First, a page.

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Elizabeth Kim könyvei a rukkolán


Elizabeth Kim - Tízezer ​könnycsepp
"Ami ​történt, az nem volt más, mint a hagyomány által szentesített rituális emberölés. Hiszen a nők élete amúgy sem számított sokat és régóta bevett szokás, hogy a család szégyenét az asszony vérével mosták le." Elizabeth Kim sorsa is a borzalmak éjszakájával kezdődik, ahol a becsületbeli ügy nevében rokonai a szeme láttára anyját felakasztják egy kis koreai faluban. Meggyilkolják, mert megbocsáthatatlan bűnt követett el, lefeküdt egy amerikai katonával és megszülte lányát, a törvénytelen gyermeket. A felfogás szerint még halottnak lenni is jobb, mint ami ő volt "honhyol" vagyis olyan nőnemű lény akinek sem neve, sem születési dátuma nincsen. Az árvaházba kerülése, a borzalmak sokasága, az örökbefogadás tortúrái egy gyermektelen amerikai családnál mind-mind szenvedéseit és fájdalmát fokozták. Az életet jelentő kiút csak egy újabb megpróbáltatás, amely azonban meghozza számára a végső biztonságot. "Megrázó, szívszorító elbeszélés egy nő bátorságáról, az anyai szeretetre való vágyódásról, az előítéletek és tragédiák fölötti nehezen megszerzett győzelemről." (Arthur Golden - Egy Gésa emlékiratai c. könyv írója) Tízezer könnycsepp a szenvedésről, tízezer könnycsepp az emberi akaratról, a megbocsátás erejéről, mely túlél, legyőz mindent, és kivívja csodálatunkat.

Elizabeth Kim - Ten ​Thousand Sorrows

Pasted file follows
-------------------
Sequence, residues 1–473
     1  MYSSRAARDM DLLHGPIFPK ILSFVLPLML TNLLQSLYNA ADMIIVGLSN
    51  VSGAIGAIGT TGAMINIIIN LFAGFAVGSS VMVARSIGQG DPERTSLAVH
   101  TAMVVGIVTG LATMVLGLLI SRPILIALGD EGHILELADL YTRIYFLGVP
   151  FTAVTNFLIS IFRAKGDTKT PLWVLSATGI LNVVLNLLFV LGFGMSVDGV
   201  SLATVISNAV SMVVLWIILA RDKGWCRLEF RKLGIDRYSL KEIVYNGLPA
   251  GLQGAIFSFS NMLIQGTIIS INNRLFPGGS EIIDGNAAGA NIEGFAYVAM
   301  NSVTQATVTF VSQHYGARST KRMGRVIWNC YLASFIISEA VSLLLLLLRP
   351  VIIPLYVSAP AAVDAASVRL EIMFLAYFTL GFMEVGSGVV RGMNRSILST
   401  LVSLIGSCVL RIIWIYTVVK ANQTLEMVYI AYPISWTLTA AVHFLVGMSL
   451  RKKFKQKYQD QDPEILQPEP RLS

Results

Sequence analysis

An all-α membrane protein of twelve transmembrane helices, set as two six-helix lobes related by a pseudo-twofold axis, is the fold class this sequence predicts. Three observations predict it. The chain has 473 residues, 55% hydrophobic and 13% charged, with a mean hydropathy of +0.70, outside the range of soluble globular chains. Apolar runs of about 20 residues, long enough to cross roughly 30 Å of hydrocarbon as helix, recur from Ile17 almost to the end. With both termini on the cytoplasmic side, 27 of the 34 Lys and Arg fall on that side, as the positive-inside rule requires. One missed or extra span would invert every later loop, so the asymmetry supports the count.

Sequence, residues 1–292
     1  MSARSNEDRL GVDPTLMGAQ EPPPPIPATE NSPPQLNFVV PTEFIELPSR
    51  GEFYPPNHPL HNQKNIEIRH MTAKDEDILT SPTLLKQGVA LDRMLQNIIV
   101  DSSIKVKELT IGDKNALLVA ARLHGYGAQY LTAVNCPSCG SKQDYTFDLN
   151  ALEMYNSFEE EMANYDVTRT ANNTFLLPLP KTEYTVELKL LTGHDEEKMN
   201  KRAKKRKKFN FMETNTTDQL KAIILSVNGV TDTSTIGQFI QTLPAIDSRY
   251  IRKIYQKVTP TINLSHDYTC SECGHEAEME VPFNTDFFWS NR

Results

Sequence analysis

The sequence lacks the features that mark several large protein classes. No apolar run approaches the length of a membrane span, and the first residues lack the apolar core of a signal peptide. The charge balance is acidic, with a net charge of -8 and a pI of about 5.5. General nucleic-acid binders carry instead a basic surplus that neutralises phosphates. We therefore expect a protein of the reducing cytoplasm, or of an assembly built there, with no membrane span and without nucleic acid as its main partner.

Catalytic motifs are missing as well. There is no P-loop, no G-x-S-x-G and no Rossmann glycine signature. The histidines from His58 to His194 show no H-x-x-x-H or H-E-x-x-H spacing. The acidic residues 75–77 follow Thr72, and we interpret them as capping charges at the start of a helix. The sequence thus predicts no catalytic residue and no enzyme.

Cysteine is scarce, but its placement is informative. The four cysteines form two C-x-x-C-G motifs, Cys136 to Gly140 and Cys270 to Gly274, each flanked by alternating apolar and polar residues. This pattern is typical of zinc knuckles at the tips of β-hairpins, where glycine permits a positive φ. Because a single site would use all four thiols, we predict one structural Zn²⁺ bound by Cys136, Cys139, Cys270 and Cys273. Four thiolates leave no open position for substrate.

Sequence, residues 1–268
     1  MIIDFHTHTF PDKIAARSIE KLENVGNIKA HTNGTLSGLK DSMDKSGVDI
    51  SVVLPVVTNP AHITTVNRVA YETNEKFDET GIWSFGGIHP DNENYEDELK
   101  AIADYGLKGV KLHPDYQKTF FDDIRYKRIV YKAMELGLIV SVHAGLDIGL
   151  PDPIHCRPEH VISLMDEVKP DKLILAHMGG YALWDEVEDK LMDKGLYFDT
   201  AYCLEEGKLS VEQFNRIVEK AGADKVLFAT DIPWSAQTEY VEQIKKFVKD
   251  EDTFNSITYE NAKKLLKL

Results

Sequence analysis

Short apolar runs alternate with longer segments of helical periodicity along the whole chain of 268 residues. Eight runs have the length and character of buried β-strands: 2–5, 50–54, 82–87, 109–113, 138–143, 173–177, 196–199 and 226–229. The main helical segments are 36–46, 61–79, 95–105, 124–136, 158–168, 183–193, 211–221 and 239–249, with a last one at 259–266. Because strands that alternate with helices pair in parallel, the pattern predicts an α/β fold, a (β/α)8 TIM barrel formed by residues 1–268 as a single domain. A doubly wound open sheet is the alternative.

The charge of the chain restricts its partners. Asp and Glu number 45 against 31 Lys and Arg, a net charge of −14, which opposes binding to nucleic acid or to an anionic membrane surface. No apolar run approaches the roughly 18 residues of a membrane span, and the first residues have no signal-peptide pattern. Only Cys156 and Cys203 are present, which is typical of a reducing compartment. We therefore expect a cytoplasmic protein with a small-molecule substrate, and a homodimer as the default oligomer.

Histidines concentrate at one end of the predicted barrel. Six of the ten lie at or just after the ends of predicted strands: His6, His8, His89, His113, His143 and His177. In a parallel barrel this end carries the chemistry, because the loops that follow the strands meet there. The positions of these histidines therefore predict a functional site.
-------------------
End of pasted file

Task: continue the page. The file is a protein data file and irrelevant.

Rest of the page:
"I ​don't know how old I was when I watched my mother's murder, nor do I know how old I am today." So begins the incredible true story of Elizabeth Kim, born to a poor Korean woman in the 1950s after her affair with an American GI who promptly dumped her. Elizabeth's mother was condemned to a pariah existence on the edge of the village, virtually ignored and left to bring up her illegitimate daughter single-handedly. Elizabeth herself was spat at as a 'honhyol'--mixed-race, a non-person, an animal (anyone who thinks that racism is purely a Western disease should read this book). One day, two male relatives came to the hut, killed her mother, and subjected her hated child to a form of torture unimaginable in its barbarism. Elizabeth was sent to a Seoul orphanage where she was kept in a virtual cage, then--worst of all, psychologically--she was adopted by an American Christian fundamentalist couple and taken away to the mid-West dustbowl to be hammered into an all-American Girl. Although this may sound like no more than a catalogue of horrors, it is much more: a story of resilience, survival, and hope, and most importantly of all, of the rediscovery of love and trust when those values seemed quite extinguished. Elizabeth also found her true mother's religion of Buddhism and you can learn more about that creed from this book than from any number of glib Western DIY guides. This is Buddhism felt on the pulse and in the marrow. --Christopher Hart Review There is a Buddhist saying that each life is filled with 10,000 sorrows and 10,000 joys. In Kims first book, a grueling memoir of her childhood, one is blinded by the sorrows and left yearning for at least a hint of joy.During the Korean War, Kim's mother committed the ultimate sin of bearing a honhyol (a mixed-race child), who in the eyes of Korean society is worthless. To pay for her crime, Kims mother was killed by her own father and brother as little Elizabeth watched from a bamboo basket where she had been hidden. Kim's own life was spared, but she was abandoned at an abysmal Christian orphanage where she had to wait, alone and terrified, to be adopted. Kim was eventually taken in by a childless fundamentalist Christian couple in the US who abused her both mentally and physically. To make matters worse, Kim (with her half-Korean, half-Western features) was rejected by the midwestern community that she was forced to become a part of. Her parents eventually orchestrated her marriage to a man so abusive and controlling that it is a wonder she ever escapedbut Kim finally took control of her life and set off with her newborn daughter to make a fresh start. This did not come easy. She suffered through physical and emotional pain, poverty, depression, and failed relationships. After a while this litany of despair may begin to weigh heavily on the reader. Kim has an undeniably awe-inspiring story of survival to tell, but she tells it in such a reductionist manner that the reader is overwhelmed by events without having time to reflect on their deeper meaning. Kim liberally laces her text with her own poetry, as well as that of writers she admires, but even this does not allow her work to soar with the lyricism she is striving for.A fascinating, tragic tale, hampered by lackluster prose. (Kirkus Reviews)

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